Sunday, October 14, 2012

"Don't Let Your Illness Define You" ...Really?

This is a picture of my grand daughter Leah when she was 9 months old.  Why am I placing a photo of her on a post about illness defining someone?  Because it's a picture of her crying, and that's what I feel like doing every time someone tells me "Don't let your illness define you.  You have fibromyalgia-arthritis-lupus-RA-CFS-COPD-Fill in the blank with "whatever" you may have, but it doesn't define who you are.

Now, that sounds good, doesn't it?  To think of ourselves and others cheering us on.  Like the old half-time pep talk in the locker room when the football team is down by 20 on their home turf.  Cheering ourselves on.  I can hear the cheer of the crowd, as the theme song to Rocky starts blaring in my ear every time someone says this to me.

I used to be afraid to even think that I might be "allowing" my illnesses to define who I am.  I thought it would show weakness on my part. Well, as good as that phrase sounds, and as well-meaning as everyone is who says this to me and people like me, it's a bunch of hog wash.  I'm sorry, but it really is.  Stop and think about it for a minute.  Seriously.  How can an illness (or illnesses) that wrack every single part of our lives, not define us?  

I'm not even the same person mentally that I was before my illnesses.  In high school I had the nickname of "Little Miss Sunshine" by the "mean" girls, because I always walked around with a smile on my face and I tried to be nice to everyone.  I was a cheerleader.  Have you watched The Secret Life Of An American Teenager?  Remember back in the very first season how Grace was?  Take away the talking about religion all over the high school campus and leave the rest of her the way she was.  Always bouncy, happy, smiling, cheerful, trying to be nice to everyone, naive ...you get the idea.  That was me.  Now?  Not so much.  I sit around sad and depressed.  I feel worthless.  I hardly ever laugh or smile.  It's really hard to smile when you're in constant pain every day of your life.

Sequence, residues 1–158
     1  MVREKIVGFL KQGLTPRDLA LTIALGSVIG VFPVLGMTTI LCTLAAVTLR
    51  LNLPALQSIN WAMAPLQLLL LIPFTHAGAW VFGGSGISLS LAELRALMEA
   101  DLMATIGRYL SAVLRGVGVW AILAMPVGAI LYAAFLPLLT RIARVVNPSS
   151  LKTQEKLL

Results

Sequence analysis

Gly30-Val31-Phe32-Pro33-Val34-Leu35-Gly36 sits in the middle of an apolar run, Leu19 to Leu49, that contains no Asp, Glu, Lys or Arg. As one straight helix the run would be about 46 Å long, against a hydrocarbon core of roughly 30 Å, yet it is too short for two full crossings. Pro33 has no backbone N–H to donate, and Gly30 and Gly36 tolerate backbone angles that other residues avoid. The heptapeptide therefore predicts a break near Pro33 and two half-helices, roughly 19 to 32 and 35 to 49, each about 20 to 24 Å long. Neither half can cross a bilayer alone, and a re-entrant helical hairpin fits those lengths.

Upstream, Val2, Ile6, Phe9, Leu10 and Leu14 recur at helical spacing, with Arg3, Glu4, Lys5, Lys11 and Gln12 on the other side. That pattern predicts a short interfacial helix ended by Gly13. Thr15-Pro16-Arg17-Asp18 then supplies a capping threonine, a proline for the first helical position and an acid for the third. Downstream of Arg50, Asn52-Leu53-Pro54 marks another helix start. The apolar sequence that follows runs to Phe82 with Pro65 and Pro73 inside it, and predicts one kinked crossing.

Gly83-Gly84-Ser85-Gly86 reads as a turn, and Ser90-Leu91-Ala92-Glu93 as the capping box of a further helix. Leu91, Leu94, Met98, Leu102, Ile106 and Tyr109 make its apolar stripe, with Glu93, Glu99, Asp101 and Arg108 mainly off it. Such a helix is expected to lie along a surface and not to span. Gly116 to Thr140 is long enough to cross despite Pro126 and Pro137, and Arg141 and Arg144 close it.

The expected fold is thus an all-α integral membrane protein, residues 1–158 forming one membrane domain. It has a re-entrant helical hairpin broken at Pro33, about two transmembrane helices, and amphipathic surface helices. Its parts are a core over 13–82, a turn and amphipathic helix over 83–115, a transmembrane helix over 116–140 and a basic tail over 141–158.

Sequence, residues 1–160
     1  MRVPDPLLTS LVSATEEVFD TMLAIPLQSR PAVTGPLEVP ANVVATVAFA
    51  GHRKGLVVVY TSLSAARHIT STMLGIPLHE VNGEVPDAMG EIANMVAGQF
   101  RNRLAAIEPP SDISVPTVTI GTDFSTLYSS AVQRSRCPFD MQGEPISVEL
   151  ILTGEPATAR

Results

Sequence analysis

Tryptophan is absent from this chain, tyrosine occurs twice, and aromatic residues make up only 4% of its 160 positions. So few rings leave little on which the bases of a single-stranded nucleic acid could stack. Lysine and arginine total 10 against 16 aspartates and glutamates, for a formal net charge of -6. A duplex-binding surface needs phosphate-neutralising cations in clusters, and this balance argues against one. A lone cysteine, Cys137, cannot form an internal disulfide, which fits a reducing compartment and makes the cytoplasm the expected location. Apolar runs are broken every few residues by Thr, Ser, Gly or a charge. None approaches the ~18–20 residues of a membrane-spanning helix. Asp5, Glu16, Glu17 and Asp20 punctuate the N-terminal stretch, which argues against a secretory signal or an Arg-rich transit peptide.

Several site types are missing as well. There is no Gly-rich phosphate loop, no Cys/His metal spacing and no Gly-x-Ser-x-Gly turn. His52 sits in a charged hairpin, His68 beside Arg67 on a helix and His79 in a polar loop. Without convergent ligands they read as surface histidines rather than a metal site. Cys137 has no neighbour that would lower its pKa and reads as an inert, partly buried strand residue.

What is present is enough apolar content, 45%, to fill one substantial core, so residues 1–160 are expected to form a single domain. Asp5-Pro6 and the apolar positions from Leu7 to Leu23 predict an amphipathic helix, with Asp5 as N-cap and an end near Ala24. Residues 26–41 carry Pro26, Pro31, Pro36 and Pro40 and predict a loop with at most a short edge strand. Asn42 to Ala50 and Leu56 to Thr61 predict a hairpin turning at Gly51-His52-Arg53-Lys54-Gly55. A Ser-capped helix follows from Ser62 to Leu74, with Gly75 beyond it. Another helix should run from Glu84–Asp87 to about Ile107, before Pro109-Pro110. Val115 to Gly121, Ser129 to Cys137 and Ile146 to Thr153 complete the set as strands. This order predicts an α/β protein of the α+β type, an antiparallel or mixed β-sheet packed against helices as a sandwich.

Exercise.  I never really loved exercise, but I still did it.  I've even had a membership to a couple of gyms over the years.  The one thing I always prided myself on, was my legs.  I had so much strength in my upper legs.  They were always well toned without an ounce of "cottage cheese" on them.  They were my one asset that I was always proud of.  I was never stick-skinny, but I wasn't overweight either.  I've always been curvy.  Now?  I'd love to be able to exercise.  The medicine packs the pounds on me.  Not only do I have cottage cheese on my legs, but I'm obese.  I avoid having my picture taken like the plague.  I'm embarrassed at how I look, and to be completely honest (which I always am on this blog) I'm ashamed to be seen in public.  The fibromyalgia and arthritis keeps me from exercise.  When I can't stand up without audibly saying "Ow!" from the pain in my knees ...and I kind of waddle for the first few steps ...and walk hunched over a little bit due to the stiff back that sitting has caused (Oh yeah, that's one of the reasons social security just denied me, btw.  They said I could sit without it causing me any problems LOL. I wish!) how in the world am I going to exercise?  Besides the fibro and arthritis, when my heart rate rises or I do pretty much any kind of physical exertion, I get short of breath and can't breath. Heck, I woke in so much pain today (well, considering it's 3:12am I guess yesterday) that I couldn't get out of bed until my daughter came in and put BioFreeze on my lower back, mid-back, neck, and shoulders.  I was so stiff and hurt so bad.